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NVIDIA GeForce GTX 1080 Max-Q vs GeForce GTX 1080 – gaming performance and benchmarks

It has been a while now since the first notebook equipped with NVIDIA’s new Max-Q graphics cards were shipped. The Max-Q design promises top-notch performance while maintaining the slim figure of the notebook. The biggest concern with users is if it is really that good as the company claims. We have already made a comparison of the mid-range GTX 1060 Max-Q GPU and now it’s time for something serious.

The most advertised Max-Q notebook that really showcases the marvels of the technology is the ASUS ROG Zephyrus. If you haven’t heard for some reason, the thing that makes the Zephyrus so special is the fact that it features a GeForce GTX 1080 GPU inside a 17.9-inch thin chassis.

In this comparison, we will take a look at the Max-Q GTX 1080 versus the original model to see just how well does the slimmed down version of the high-end graphics card perform.

You can check the price and availability of the ASUS ROG Zephyrus over here: http://amzn.to/2hqOfVx

You can check the price and availability of the Alienware 17 R4 over here: http://amzn.to/2lvLKmj

You can check the price and availability of the Acer Predator 17X over here: http://amzn.to/2lHLHjG

Overview

The GTX 1080 Max-Q is basically an underclocked version of the original thus there are almost identical. Both versions are built around the GP104 chip that uses the 16nm FinFETT manufacturing process. They also have the same amount of CUDA cores – 2560 and same amount of VRAM – 8 GB GDDR5X clocked at 10000 MHz. However, there are two major differences between the two models.

The first one is as we said core clock speeds. The standard GTX 1080 (Laptop) is clocked at 1566 MHz with boost frequencies reaching 1733 MHz while the Max-Q design is clocked at 1101 (1290) MHz base and 1278 (1468) MHz boost. This is a difference of about 16-18%. However, the lower clocks of the Max-Q result in a much lower power consumption of just 90-110 W compared to the 150-200 W of the standard model. All Max-Q versions have a lower TDP than that of their regular version but the difference in GTX 1080’s case is huge.

And lastly, the GTX 1080 Max-Q has 40 dB limit for the fan noise which is one of the Max-Q design features called Whisper Mode.

Synthetic benchmarks

What’s interesting in the synthetic benchmarks is that there are almost no differences in the results. While the GTX 1060 Max-Q scored 10 to 20% lower than the GTX 1060, the case with the GTX 1080 Max-Q isn’t the same. There is basically no difference (within 1-2%) on most benchmarks. The only benchmark in which the regular edition of the GTX 1080 has a major lead over its Max-Q version is the Fire Strike demo on 3DMark.

Gaming performance

We compared the GTX 1080 Max-Q (Zephyrus) to two notebooks equipped with the GTX 1080 – the Acer Predator 17X  and Alienware 17 R4. The Predator 17X has a much more powerful CPU than the Alienware 17. The reference point for the percentages is the Zephyrus result.

We got some quite surprising results from the gaming tests. We are quite happy to say that the Max-Q version is as capable of gaming as the regular one. The differences in the frame rates that we recorded were within a few percent in most graphics settings and games. However, the GTX 1080 (Laptop) tends to deliver an extra few frames when the graphics are very high or maxed but contrary to that the Max-Q version performed better on medium settings in a lot of cases.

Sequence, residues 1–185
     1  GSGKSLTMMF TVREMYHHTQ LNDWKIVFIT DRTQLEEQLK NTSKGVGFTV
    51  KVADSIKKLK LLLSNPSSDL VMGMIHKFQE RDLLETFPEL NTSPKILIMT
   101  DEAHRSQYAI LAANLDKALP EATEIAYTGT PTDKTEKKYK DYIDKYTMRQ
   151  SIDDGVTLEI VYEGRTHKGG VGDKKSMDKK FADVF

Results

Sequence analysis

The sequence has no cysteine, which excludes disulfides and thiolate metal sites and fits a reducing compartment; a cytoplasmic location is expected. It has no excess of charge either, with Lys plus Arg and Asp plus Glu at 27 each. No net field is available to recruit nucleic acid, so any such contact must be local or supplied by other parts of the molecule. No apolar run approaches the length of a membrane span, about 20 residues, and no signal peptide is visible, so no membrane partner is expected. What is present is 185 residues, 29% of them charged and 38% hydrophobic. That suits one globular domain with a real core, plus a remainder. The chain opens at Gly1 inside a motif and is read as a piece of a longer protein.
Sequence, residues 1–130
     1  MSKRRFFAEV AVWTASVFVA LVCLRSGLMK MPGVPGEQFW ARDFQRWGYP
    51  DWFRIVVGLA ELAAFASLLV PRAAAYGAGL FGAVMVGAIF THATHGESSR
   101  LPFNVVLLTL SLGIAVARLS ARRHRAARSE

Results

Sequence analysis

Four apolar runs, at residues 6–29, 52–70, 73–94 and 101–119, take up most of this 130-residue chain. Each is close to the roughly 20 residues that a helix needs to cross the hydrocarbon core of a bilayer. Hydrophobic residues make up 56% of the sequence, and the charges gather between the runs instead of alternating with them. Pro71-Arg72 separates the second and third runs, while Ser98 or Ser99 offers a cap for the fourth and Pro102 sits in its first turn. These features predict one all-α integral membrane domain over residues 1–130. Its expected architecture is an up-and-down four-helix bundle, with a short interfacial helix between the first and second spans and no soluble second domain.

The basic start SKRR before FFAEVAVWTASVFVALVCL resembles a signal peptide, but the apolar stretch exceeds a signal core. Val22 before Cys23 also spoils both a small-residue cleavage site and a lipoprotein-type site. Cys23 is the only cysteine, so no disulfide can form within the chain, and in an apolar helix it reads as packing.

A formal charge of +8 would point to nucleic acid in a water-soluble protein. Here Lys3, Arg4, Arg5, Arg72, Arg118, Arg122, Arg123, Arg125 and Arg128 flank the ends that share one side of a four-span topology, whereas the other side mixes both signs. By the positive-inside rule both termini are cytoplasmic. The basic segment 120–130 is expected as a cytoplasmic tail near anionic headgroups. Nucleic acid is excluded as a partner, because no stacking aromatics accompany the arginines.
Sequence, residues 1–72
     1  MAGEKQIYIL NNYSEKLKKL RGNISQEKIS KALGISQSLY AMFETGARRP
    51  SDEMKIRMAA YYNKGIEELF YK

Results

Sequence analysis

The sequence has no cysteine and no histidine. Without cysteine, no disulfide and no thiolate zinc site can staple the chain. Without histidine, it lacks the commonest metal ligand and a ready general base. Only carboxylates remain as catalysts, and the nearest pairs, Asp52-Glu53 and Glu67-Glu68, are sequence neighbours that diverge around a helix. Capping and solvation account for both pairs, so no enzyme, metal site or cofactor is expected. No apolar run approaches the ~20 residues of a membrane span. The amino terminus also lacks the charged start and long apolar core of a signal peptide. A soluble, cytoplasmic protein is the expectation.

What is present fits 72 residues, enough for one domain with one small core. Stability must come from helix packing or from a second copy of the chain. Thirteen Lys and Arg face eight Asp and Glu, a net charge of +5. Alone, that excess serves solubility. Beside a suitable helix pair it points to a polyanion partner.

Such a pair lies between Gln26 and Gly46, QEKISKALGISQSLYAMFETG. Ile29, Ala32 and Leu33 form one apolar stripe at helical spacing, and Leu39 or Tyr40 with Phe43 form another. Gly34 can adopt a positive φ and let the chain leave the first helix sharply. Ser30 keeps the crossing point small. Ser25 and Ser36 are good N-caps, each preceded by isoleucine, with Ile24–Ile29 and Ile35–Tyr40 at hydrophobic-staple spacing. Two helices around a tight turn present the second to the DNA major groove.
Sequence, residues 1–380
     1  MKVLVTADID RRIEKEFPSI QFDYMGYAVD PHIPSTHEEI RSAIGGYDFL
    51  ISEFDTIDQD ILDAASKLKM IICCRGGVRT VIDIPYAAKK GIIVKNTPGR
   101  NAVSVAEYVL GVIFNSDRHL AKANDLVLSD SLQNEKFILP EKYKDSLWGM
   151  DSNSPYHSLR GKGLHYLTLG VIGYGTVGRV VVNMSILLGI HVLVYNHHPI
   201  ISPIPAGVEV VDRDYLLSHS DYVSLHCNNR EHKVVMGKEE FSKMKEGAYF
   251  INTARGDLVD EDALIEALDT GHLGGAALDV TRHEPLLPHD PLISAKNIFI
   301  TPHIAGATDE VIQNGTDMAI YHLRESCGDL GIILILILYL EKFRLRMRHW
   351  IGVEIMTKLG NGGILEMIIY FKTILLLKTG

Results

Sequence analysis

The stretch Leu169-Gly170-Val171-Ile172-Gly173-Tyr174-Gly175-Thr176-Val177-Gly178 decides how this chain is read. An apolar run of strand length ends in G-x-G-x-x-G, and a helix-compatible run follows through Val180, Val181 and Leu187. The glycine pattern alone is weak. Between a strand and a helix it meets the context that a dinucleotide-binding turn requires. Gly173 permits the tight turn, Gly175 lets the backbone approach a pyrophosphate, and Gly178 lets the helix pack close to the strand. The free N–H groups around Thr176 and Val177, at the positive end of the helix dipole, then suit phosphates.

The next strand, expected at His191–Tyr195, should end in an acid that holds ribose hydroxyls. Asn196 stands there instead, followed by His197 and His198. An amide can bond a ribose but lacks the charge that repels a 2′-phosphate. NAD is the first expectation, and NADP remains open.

This results could mean that the ROG Zephyrus is just very well built with a good cooling system (we will check this in our upcoming detailed review) but anyways the GTX 1080 Max-Q remains quite powerful.

GTA-V-benchmarks

Grand Theft Auto V (GTA 5)Full HD, Medium (Check settings)Full HD, Very High (Check settings)Full HD, MAX (Check settings)
GTX 1080 – Alienware 17 R4111 (-14.6%) fps68 fps59 (+1.7%) fps
GTX 1080 Max-Q130 fps78 (+14.7%) fps58 fps
GTX 1080 – Acer Predator 17X 134 (+3%) fps – fps64 (+10.3%) fps

rise-of-the-tomb-raider

Rise of the Tomb Raider (2016)Full HD, Medium (Check settings)Full HD, Very High (Check settings)Full HD, MAX (Check settings)
GTX 1080 – Alienware 17 R4109 (-20.5%) fps78 fps55 (+3.8%) fps
GTX 1080 Max-Q137 fps80 (+2.5%) fps53 fps
GTX 1080 – Acer Predator 17X 118 (-13.9%) fps – fps64 (+20.7%) fps

Tom Clancy’s The DivisionFull HD, Medium (Check settings)Full HD, Ultra (Check settings)Full HD, MAX (Check settings)
GTX 1080 – Alienware 17 R4132 (-4.4%) fps84 (+2.4%) fps34 (+6%) fps
GTX 1080 Max-Q138 fps82 fps32 fps
GTX 1080 – Acer Predator 17X 158 (+14.5%) fps – fps37 (+15.6%) fps

Verdict

Unlike the GTX 1060 Max-Q which had a noticeable drop in performance compared to its normal version, the GTX 1080 Max-Q stood its ground both in synthetic benchmarks and gameplay.

Overall, the GTX 1080 Max-Q proved itself a worthy high-end graphics card. Maybe it’s just the engineers from ASUS that created the Zephyrus or maybe the GTX 1080 Max-Q is just so powerful but it can compete head to head with the normal version.

All this shows that indeed high-end gaming notebooks do not need to be bulky and heavy at all. Stay tune for our detailed review of the ASUS ROG Zephyrus.

You can check the price and availability of the ASUS ROG Zephyrus over here: http://amzn.to/2hqOfVx

You can check the price and availability of the Alienware 17 R4 over here: http://amzn.to/2lvLKmj

You can check the price and availability of the Acer Predator 17X over here: http://amzn.to/2lHLHjG